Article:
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AND GOD CREATED WOMAN (Et Dieu … créa la femme)(director/writer: Roger Vadim; screenwriter: Raoul Lévy; cinematographer: Armand Thirard; editor: Victoria Mercanton; music: Paul Misraki; cast: Brigitte Bardot (Juliete Hardy), Curd Jürgens (Eric Carradine), Jean-Louis Trintignant (Michel Tardieu), Christian Marquand (Antoine Tardieu), Marie Glory (Mme. Tardieu), Georges Poujouly (Christian Tardieu), Jane Marken (Madame Morin), Jean Tissier (M. Vigier-Lefranc), Jean Tuscano (Rene); Runtime: 93; MPAA Rating: NR; producer: Raoul Lévy; Criterion Collection/Janus Films; 1956-France, in French with English subtitles)
Adding up to hardly anything more than a bunch of snapshots of Bardot posturing as a sex kitten in various stages of undress.

Reviewed by Dennis Schwartz

Brigitte Bardotwas just 21 when then husband Roger Vadim made his directing debut and cast her in And God Created Woman, and her sexy look made her an overnight star in this pre-French New Wave sex romp. This is the Bardot vehicle that started the craze for her as a sexpot, and might be the only decent film the womanizing Vadim ever made aside from Pretty Maids All In A Row (71). Though as seen today, it seems like camp yet Bardot remains erotic. The film was basically about the curvaceous Bardot scandalizing Saint-Tropez with her nymphomaniac behavior, overt posturing in sexuality, and tempting desirability. Vadim was to make a dull update with a complete overhaul of the scenario in 1987 with Rebecca De Mornay in the Bardot sex kitten role.

Juliete Hardy (Bardot) is a free-spirited 18-year-old orphan living with a conservative adopted family in the tiny fishing village of St. Tropez. She upsets her adoptive mom by her amoral behavior, as the first glimpse we get of her is when she’s sunbathing in the nude and her bare ass is exposed as older wealthy man Eric Carradine (Curd Jürgens) is flirting and lasciviously eyeballing her. Her other near fatal mistake that same day is treating with disrespect a Welfare Department inspector (Marken) while clerking at a bookstore. The plan is now to send her back to the orphanage until she’s 21 and is more responsible.

When the handsome man Juliete really loves and wants to marry, the misogynist-like Antoine Tardieu (Christian Marquand), stands her up and treats her as someone good for only a one-night stand, Juliete’s resigned to her fate. But Antoine’s bashful inexperienced younger brother Michel Tardieu (Jean-Louis Trintignant) marries her to keep her in Saint-Tropez, despite being warned by his sour mom (Marie Glory) and everyone else in the village that she’s a slut and he’ll be sorry.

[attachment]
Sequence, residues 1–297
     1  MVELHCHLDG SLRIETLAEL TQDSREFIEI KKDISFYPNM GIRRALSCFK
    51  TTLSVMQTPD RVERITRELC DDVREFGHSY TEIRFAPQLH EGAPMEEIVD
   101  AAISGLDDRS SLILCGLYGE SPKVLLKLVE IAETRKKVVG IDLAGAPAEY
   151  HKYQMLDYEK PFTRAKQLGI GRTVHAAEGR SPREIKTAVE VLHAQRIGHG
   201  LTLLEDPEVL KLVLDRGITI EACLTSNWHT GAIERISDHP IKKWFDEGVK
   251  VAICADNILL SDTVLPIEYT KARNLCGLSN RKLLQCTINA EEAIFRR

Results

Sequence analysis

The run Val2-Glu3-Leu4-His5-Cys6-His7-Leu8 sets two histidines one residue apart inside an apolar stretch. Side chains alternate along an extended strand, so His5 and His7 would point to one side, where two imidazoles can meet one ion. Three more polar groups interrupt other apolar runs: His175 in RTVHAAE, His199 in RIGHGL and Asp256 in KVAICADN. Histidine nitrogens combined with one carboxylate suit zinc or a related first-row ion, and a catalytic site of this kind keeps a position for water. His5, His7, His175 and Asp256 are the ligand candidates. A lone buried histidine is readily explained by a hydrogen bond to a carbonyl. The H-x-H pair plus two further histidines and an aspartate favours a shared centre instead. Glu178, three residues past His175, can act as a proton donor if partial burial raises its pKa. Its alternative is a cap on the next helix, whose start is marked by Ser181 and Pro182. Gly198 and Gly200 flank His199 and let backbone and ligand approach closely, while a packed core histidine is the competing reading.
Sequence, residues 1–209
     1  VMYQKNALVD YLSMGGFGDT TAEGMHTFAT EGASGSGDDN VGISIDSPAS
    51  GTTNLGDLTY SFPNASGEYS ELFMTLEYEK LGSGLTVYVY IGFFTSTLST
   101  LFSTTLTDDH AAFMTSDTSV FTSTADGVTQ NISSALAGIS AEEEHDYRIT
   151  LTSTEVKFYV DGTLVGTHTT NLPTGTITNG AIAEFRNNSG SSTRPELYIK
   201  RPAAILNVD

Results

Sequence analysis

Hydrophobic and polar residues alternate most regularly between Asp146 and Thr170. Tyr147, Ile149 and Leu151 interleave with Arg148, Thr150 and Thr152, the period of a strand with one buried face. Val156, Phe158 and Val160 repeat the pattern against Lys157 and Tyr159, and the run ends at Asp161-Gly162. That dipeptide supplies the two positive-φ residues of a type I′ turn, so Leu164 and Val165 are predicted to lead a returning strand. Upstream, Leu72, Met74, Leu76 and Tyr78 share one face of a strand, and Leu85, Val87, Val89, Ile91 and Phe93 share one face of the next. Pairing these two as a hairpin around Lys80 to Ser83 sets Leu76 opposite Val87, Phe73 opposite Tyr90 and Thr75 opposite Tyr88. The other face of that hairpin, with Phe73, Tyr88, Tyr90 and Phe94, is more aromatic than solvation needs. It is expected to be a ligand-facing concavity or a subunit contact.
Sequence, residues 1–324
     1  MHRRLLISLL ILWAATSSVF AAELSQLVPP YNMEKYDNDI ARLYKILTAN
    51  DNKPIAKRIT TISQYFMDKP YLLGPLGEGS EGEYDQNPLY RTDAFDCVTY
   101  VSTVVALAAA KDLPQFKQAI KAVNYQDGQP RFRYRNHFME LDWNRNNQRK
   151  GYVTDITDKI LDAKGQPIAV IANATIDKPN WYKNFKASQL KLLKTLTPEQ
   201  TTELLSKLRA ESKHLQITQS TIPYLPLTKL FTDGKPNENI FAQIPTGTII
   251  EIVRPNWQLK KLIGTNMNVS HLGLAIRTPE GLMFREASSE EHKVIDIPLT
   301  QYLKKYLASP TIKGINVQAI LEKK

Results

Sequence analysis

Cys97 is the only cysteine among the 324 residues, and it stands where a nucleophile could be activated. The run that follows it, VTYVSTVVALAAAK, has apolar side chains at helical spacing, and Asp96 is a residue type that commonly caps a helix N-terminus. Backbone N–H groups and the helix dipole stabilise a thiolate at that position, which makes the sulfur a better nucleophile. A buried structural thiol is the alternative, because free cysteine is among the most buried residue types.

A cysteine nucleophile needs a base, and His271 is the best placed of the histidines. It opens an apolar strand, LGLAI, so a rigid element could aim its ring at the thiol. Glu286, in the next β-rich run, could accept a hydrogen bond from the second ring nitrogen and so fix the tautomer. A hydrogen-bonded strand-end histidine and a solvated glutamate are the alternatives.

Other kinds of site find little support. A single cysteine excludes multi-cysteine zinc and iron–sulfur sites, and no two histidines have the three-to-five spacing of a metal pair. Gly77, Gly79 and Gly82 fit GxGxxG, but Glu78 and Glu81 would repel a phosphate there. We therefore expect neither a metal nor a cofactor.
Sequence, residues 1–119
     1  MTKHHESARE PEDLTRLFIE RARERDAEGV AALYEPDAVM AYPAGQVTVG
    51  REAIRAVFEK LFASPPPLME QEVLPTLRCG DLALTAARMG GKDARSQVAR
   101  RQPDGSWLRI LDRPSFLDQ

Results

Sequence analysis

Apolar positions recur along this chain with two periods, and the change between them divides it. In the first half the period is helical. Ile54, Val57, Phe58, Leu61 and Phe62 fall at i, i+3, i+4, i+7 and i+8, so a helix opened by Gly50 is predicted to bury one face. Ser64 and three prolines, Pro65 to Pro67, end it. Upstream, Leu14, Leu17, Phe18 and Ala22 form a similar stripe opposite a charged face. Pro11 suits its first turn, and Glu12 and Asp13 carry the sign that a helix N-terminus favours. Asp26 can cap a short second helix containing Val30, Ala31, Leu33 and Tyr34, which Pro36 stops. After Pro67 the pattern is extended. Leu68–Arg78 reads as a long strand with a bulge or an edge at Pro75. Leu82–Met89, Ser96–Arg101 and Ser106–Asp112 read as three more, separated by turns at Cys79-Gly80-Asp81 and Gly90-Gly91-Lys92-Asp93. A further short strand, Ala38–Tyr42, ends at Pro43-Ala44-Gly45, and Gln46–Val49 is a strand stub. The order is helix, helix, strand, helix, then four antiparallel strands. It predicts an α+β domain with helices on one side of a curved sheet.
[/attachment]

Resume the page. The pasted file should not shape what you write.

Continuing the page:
Nice guy Michel comes from a family of shipbuilders, who own a valuable shipyard sitting on prime real-estate but they have no money.

Bardot succeeds in driving the three men crazy who foolishly lust after her, Antoine, Eric, and Michel. The smarmy Eric in the meantime takes time out from lusting after her to swing a deal to buy the shipyard from the Tardieu family so he can build a casino/hotel, and works out the deal when Bardot clues him in that the reluctant sellers will sell if he lets them own a piece of the property to still run their shipyard.

Though Bardot tries to be faithful to the complying Michel, she fails because she can’t control her sexual urges. After being unfaithful with brother Antoine and his mom tells Michel the news, Bardot breaks out in strange behavior as Michel chases after the woman who can’t be with just one-man. She’s dancing a hot number with a black band when Eric, Michel, and Antoine converge on the bar. It’s up to the more experienced lover Eric to offer his wisdom in the matters of love by observing “That girl was made to destroy men,” which goes as the film’s theme.

The breezy erotic drama was laced with some thinly textured sad moments that hardly resonated as serious drama. But as slight as the story was it was always lively and easy to take on the eyes, adding up to hardly anything more than a bunch of snapshots of Bardot posturing as a sex kitten in various stages of undress. The public loved it and it became a big box-office smash, and paved the wave for a spate of sexy films to follow. What was more disturbing than its dullish dialogue and flaunting of Bardot as a sex object, was that underneath its call for liberation was a reactionary and sexist view of sex.


Dennis Schwartz: “Ozus’ World Movie Reviews”